Professionalism means acting appropriately and in a manner that is acceptable and careful. Applied to the fire service, a professional is not whether or not you are paid or volunteer. That is a topic that often brings out the most heated of discussions, but there is a division nationwide between volunteers and career firefighters.
I recently had a conversation with a brother from Texas about volunteer and career firefighters, and the separation of the two. Having started in the fire service as a volunteer at age 16, I may have a different outlook on the situation than most. I believe that the situation would be more realistic to look at as professional vs unprofessional, rather than volunteer vs career firefighters. The volunteer department that I first joined was in my hometown where I was born and raised. Throughout my years there I responded on calls that involved my own family, my friends, and my friends family. Growing up in a small town means that you pretty much know everyone, and responding to calls on the residents that you know personally can make things very difficult. If it were not for my volunteer department, I would not be working for a municipal career department today. They were able to provide me with experience, training, and the friendships that got me to where I am today.
There are many aspects of the fire service that can make you a professional. The way you present yourselves to the public, the knowledge that you retain from your training, and how you carry yourself in a heated situation are just a few that come to mind. I am still a member of my volunteer department, and even though I have to drive an hour to pull duty…I still seem to find time.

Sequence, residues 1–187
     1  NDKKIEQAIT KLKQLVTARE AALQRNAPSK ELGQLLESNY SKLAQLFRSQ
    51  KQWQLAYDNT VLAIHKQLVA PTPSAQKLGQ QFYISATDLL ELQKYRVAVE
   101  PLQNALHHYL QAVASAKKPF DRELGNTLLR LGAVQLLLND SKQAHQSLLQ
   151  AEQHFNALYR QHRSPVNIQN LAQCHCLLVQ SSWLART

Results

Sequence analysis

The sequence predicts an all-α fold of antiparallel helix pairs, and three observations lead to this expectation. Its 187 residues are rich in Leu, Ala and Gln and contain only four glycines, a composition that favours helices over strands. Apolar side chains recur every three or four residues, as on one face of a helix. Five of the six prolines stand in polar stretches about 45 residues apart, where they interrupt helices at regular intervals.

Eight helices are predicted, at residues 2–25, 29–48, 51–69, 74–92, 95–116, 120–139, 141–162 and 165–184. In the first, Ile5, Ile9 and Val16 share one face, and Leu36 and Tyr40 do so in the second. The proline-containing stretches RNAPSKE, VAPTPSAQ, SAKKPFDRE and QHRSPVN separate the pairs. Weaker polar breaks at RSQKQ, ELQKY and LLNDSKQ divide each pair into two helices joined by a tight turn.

Within my busy schedule, I do find it difficult to stay proficient with the new equipment, in close touch with my fellow firefighters, and up to date on my streets. I would also venture to say that my volunteer department is one of the most professionally operated organizations in the area.
Quite possibly I look at things differently due to the fact that on the 28th of this month, I have been working full-time in the fire service for 5 years. While that’s not very long, I believe that I have grown as an employee and as a firefighter in the last five years. I am always taking on new responsibilities, and I never seem to be able to become “less involved.” I enjoy talking, writing, and learning about the job on a daily basis. My friends and family know how dedicated I am to my career, and I hope that in the future I am able to look back on the small difference that I may have been able to make. I try to represent the fire service in a positive way while I’m on the rig and when I’m off the job.
A lifestyle is what the fire service has become. It is included in almost every aspect of my life, and I like it that way. The way we carry ourselves in public reflects back on our volunteer organization and employer. As individuals, we sometimes need to just think things through to be sure that we are carrying ourselves in a professional manor. It may be something as small as zipping up our duty boots or tucking in our shirts. Over the years, I believe that this separation between volunteer and career has been created. My view point on the situation may be completely different from yours, and I respect everyone’s personal view on it. The bottom line is that whether I am at my volunteer department or on shift, the fires aren’t any hotter, the patients aren’t more critical, and one is no better than the other. It is up to each of us as individuals to work together in presenting a professional appearance for all and to assist in eliminating the division of the two.